Saturday, 28 January 2017

A Tale of Royal Teeth: Black, Rotten, Gone

The portraits of the ancien regime never show an open smile and for good reason. In an age where a sense of hygiene was not unheard of but not quite understood either dental hygiene was far from perfect.The habit of brushing one's teeth did not really come into force until after the fall of Versailles which meant that most courtiers - the royal family included - had serious dental issues.

Upon his birth Louis XIV was noted to have two teeth already in place. As mentioned in an earlier post the King's teeth caused him problems throughout his life. In the 1680's he experienced increasing bouts of toothaches and had to undergo several oral surgeries where his teeth were pulled. One particular painful incident occurred in 1685 when a molar had become so painful that it had to be extracted. The lack of properly cleaning the wound meant that the King would have infection in his mouth - which resulted in the necessity of pulling out more teeth.
By 1712 the King finally appointed a special dentist who would see to the Grand Monarch's few remaining teeth.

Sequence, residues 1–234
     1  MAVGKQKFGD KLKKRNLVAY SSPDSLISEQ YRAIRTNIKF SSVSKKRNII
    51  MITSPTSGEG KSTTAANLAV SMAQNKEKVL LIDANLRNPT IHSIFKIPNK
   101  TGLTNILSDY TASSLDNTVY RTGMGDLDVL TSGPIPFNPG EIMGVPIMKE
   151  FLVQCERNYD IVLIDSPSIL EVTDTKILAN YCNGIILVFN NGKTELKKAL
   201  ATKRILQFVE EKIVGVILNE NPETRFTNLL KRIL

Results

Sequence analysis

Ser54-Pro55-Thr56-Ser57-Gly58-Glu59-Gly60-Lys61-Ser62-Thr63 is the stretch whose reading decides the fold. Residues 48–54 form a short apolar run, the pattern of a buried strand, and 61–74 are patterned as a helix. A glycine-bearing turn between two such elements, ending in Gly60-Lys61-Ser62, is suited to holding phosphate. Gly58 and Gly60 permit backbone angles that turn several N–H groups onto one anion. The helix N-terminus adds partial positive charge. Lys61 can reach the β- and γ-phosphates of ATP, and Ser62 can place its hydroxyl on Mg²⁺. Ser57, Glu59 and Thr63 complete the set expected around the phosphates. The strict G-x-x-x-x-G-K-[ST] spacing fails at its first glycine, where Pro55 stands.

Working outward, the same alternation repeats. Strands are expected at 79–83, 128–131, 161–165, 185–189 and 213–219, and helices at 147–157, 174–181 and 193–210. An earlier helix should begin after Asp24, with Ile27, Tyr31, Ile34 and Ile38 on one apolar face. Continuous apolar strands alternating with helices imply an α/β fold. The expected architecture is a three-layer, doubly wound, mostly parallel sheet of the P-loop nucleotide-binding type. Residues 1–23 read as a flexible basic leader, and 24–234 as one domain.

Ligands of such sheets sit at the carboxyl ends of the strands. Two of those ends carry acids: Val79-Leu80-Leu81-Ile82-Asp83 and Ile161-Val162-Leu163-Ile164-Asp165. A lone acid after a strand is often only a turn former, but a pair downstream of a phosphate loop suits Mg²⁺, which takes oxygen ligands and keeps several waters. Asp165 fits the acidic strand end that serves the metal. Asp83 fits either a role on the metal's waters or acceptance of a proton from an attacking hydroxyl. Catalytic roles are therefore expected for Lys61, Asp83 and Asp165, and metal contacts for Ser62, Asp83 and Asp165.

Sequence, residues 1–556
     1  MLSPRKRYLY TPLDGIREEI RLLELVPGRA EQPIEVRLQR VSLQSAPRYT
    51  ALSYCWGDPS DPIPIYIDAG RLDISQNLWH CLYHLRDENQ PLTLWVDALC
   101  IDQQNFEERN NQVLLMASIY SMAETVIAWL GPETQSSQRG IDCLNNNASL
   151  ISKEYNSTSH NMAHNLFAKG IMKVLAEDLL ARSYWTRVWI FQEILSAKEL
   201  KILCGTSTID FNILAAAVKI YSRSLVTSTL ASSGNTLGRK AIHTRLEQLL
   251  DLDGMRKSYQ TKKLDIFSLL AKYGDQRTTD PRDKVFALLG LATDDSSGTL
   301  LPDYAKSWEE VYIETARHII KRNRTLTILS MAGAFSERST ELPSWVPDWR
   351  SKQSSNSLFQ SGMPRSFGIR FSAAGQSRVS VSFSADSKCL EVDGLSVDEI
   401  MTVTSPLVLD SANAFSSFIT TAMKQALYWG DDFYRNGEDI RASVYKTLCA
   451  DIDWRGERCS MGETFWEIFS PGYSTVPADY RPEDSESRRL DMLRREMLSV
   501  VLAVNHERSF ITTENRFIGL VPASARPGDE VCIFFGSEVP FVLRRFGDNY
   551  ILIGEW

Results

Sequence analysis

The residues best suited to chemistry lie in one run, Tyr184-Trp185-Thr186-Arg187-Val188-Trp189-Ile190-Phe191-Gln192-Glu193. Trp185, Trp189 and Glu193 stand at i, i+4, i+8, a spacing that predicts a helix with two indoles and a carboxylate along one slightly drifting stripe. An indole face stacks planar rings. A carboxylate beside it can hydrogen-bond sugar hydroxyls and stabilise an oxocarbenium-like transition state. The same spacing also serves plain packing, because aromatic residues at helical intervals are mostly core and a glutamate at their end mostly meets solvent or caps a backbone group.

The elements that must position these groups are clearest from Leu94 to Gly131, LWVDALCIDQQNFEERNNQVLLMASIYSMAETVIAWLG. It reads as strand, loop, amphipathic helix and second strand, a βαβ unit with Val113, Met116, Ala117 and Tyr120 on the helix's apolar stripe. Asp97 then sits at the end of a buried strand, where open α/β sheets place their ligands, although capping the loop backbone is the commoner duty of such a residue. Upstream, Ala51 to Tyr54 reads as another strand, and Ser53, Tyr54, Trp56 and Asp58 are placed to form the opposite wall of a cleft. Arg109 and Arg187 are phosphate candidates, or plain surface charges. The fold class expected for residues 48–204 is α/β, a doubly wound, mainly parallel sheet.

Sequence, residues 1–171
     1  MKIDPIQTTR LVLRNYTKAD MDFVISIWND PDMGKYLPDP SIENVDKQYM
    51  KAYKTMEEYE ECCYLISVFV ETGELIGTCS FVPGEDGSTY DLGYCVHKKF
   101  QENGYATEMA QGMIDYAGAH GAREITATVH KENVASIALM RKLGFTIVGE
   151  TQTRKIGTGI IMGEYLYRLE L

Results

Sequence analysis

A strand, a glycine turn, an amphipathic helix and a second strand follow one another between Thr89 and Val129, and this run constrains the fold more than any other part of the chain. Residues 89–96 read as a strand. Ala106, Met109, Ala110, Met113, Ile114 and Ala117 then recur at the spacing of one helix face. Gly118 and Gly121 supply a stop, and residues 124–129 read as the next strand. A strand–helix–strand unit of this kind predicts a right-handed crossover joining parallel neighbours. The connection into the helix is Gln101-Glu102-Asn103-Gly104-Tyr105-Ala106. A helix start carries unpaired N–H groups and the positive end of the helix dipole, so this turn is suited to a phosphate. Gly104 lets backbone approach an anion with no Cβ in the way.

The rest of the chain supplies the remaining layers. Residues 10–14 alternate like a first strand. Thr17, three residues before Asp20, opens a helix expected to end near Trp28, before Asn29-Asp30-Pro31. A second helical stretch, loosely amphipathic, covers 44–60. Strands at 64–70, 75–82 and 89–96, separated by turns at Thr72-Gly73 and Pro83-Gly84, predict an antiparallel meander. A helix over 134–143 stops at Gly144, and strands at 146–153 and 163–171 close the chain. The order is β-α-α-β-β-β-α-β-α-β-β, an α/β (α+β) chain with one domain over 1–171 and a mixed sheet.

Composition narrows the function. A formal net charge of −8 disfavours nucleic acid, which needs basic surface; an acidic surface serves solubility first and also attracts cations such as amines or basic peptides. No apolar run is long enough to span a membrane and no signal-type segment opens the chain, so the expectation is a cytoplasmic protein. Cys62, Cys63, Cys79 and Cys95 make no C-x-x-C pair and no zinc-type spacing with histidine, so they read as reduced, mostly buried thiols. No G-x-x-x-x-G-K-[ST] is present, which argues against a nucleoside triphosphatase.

Billedresultat for grande dauphine
The Grande Dauphine who was never
blessed with good teeth

Like her husband Marie Thérèse could not boast of having a dazzling smile. On the contrary both her and her daughter-in-law, Marie Anne Victoire of Bavaria, were plagued with having rotten teeth. In the Queen's case her mouth was described as being "black" due to the extremely poor condition of her teeth. At the time the Queen's poor dental state was said to stem from her eating too much chocolate and garlic. The Grande Dauphine's teeth were already poor before she ever made it to the French court.

When Marie Adélaide of Savoy was chosen as the bride for the Duc de Bourgogne it was with great pride that her French-born mother could tell of her white teeth. In this instance the teeth in question actually were white to the relief of Louis XIV and his court.

Louis XV was thought to be the handsomest man at his own court but his teeth were not immune to the troubles of his day. In 1742 he had a tooth extracted which sadly damaged his good looks somewhat according to the Marquis d'Argenson. However, the King himself was not all that concerned about how his appearance was affected; after all having teeth pulled was something that only a very small handful of people could avoid. His regret was that he would miss out on hunting for two whole days.
In 1755 Louis XV was presented with a new invention by a Dr. Julien Botot; the odd mixture was called a toothpaste. Later the dentist would also present the King with mouthwash flavoured with anise. It can be said that the doctor dedicated his invention to the King out of gratitude. After all, it was thanks to a royal decree from 1741 that dentists achieved a status of their own and no longer had to be counted among the odd charlatans.

Billedresultat for louis xv teeth
Toothpaste and mouthwash as invented by Botot (with
modern hygienic standards) - this is not far from what
was presented to Louis XV